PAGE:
The fifth and final 7.5-ton Lockheed Martin/NAVY Mobile User Objective System satellite (MUOS-5) is headed toward geosynchronous orbit following a spectacularly thunderous launch on June 24 from Cape Canaveral onboard ULA’s most powerful version of the Atlas-V rocket.
With the final MOUS satellite moving into place we have “launched the future” of all military communications, said the NAVY.
More than just satellites, the MUOS program’s diverse communications elements form a “complex orchestra” to provide far more crisp UHF capability across the services, plus a powerful broadband smartphone capability across all the services and their communications terminals.
Rarely since the last shuttle launch in 2011 has the power of Cape Canaveral, ULA, SpaceX, the NAVY, and the U.S. secret space program, all working with USAF 45th Space Wing, been so prominently on display as they have been this month.
Three Cape launches, starting June 11, have involved the most powerful ULA Delta-IV Heavy launching the largest National Reconnaissance Office intelligence Mentor spacecraft, following June 15 with the launch of a powerful SpaceX Falcon-9 carrying two large European and Asian satcoms, followed Friday by the launch of the Defense Dept.’s largest most capable multi-service communications spacecraft on the most powerful variant of the Atlas-V.
Friday’s flight marks the third of 10 planned Atlas launches this year, and the third of nine U.S. national security missions still to be launched in 2016, said Dr. Walt Lauderdale, MUOS-5 Mission Director at the Air Force Space and Missile Systems Center in Los Angeles, Calif.
The fiery launch was only the seventh Atlas-V 551 version flown in the 14-year history of the Atlas-V program, all of them fired from Cape Canaveral’s Launch Complex 41.
The 2.5 million-lb thrust, 206-foot-tall rocket, with five 380,000-lb thrust Aerojet solid rocket boosters and its 860,000-lb thrust Russian Energomash RD-180 oxygen/RP-1 engine, lifted off into sunny skies at 10:30 a.m. EDT.
The problem-free Atlas-V countdown was conducted by ULA from the company’s firing room a few miles from the pad. Key events in the flight were:
— T-minus 2.7 sec. — Ignition of the RD-180 engine.
— T-minus 1 sec. — Ignition of the five SRBs and liftoff on 2.5 million lbs thrust.
— T-plus 49 sec. — Max-Q as the vehicle went supersonic.
— T-plus 1 minute 49 sec. — RD-180 throttle down and separation of initial two Aerojet SRBs once clear of range safety restrictions.
— T-plus inute 50 sec. — Separation of the final three boosters, followed by RD-180 throttle up.
— T-plus 3 min. 28 sec. — Throttle back to 95 percent thrust for separation of 5 meter nose shroud exposing the satellite in the vacuum, then throttle back up to hold 4.6G of acceleration for the rest of first stage flight.
— T-plus 4 min. 26 sec. — MECO main engine cutoff of RD-180 near Antigua.
— T-plus 4 min. 32 sec. — Separation of the first stage.
— T-plus 4 min. 41 sec. — Ignition of the Centaur upper stage.
— T-plus 12 min. 28 sec. — First cutoff of Centaur upper stage.
— T-plus 20 min. 28 sec. — Second Centaur ignition as the vehicle approached the west African bulge.
— T-plus 26 min. 15 sec. — Second Centaur ignition as the vehicle started pass over Africa.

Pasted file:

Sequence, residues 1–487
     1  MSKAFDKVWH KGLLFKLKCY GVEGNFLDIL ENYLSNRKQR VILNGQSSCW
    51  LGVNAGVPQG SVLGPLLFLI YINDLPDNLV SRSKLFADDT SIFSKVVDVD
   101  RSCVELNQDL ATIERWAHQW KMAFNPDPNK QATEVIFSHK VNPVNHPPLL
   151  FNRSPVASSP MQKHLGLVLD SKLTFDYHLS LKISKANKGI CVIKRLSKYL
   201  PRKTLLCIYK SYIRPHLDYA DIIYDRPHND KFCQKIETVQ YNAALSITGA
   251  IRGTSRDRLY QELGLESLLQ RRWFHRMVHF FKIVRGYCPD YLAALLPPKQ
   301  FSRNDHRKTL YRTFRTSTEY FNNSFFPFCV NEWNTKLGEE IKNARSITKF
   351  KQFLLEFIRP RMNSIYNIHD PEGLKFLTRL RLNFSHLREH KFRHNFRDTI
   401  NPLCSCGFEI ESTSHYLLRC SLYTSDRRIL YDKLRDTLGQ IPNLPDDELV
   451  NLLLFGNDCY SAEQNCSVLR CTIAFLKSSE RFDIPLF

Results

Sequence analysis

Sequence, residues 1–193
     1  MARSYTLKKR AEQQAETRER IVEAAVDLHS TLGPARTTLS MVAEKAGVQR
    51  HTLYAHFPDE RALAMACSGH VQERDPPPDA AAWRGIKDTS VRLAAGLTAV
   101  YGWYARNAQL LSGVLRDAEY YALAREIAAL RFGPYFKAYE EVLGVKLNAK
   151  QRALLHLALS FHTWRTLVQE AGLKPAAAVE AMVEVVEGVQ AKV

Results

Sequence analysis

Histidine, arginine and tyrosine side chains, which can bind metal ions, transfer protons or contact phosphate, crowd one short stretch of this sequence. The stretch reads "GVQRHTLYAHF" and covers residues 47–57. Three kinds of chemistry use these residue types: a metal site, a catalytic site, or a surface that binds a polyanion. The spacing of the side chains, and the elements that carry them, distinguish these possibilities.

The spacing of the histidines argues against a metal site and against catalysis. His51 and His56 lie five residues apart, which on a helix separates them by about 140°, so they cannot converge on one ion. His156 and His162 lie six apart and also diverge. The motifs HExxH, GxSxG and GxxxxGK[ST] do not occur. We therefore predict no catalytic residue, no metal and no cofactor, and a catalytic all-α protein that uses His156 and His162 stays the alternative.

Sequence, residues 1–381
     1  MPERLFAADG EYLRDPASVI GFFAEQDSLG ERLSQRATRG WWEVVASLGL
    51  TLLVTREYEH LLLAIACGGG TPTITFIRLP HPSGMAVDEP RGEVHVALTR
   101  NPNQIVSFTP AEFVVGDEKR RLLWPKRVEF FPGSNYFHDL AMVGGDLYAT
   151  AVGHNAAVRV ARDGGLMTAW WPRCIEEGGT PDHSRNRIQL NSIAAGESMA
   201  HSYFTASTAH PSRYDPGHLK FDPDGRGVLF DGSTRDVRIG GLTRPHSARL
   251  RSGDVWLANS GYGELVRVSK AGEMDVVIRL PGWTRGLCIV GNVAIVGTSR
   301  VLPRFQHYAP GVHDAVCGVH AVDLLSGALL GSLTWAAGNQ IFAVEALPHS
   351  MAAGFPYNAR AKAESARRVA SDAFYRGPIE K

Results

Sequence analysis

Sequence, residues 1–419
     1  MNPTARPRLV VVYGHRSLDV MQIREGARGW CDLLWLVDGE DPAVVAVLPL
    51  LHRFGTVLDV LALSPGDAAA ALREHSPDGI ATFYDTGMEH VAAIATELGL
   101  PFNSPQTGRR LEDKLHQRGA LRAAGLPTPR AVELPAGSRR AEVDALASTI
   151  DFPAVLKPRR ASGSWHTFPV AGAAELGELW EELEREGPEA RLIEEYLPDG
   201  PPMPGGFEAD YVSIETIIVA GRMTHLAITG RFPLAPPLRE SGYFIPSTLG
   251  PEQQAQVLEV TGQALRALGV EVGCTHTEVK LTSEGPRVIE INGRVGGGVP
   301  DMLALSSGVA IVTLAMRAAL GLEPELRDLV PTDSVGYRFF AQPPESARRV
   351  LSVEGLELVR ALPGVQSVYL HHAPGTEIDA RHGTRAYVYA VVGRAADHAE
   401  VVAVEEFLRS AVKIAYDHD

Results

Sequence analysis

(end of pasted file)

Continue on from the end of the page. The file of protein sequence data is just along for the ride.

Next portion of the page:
— T-plus 2 hr. 48 min. 40 sec. — Third Centaur ignition.
— T-plus 2 hr. 49 min. 9 sec. — Third Centaur cutoff.
— T-plus 2 hr. 53 min. 18 sec. — Spacecraft separation over Sumatra in a 19,280 nautical mile x 2,074 nautical mile geosynchronous orbit.
About 8 firings of the spacecraft’s own hydrazine engine will then be used to eventually put the $611 million satellite into geosynchronous orbit where it will be initially parked at 172 west long over the central Pacific for early checkout.
Strategic Command will decide where the spare should be parked for fully operational legacy UHF service. One likely position is 72 E long south of India near MUOS-4.
MUOS-5 is the fifth and final satellite that, along with four major ground stations and thousands of receivers, is revolutionizing secure communications for mobile military forces from submarines to soldiers to strategic and tactical aircraft.
“The MUOS program is a game changer” for U.S. multi-service communications, said NAVY Capt. Joe Can, NAVY MUOS Program Manager (see AmericaSpace June 23 MUOS story).
Users with MUOS terminals will be able to seamlessly connect beyond line of sight around the world and into Defense Dept’s Global Information Grid, including operations up to top secret communications and imagery.
The $7.7-billion program of satellites, major ground stations, and under radios will enable simultaneous crystal-clear voice and mission data over a secure high-speed Internet Protocol system, said Capt. Can.
The satellite carries a Harris 17.7-foot-diameter antenna to communicate with eliciting UHF users operating with older UHF spacecraft and users and a 46-foot-diameter Harris reflector for the new Wideband Code Division Multiple Access (WCDMA) capabilities operational on the first four satellites then later on MUOS-5. The satellite’s solar array will span 94 feet.
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As always, Craig Covault has written an excellent article on the MUOS-5 mission. He has provided his readers with important details written in a crisp, comprehensive and thorough manner.
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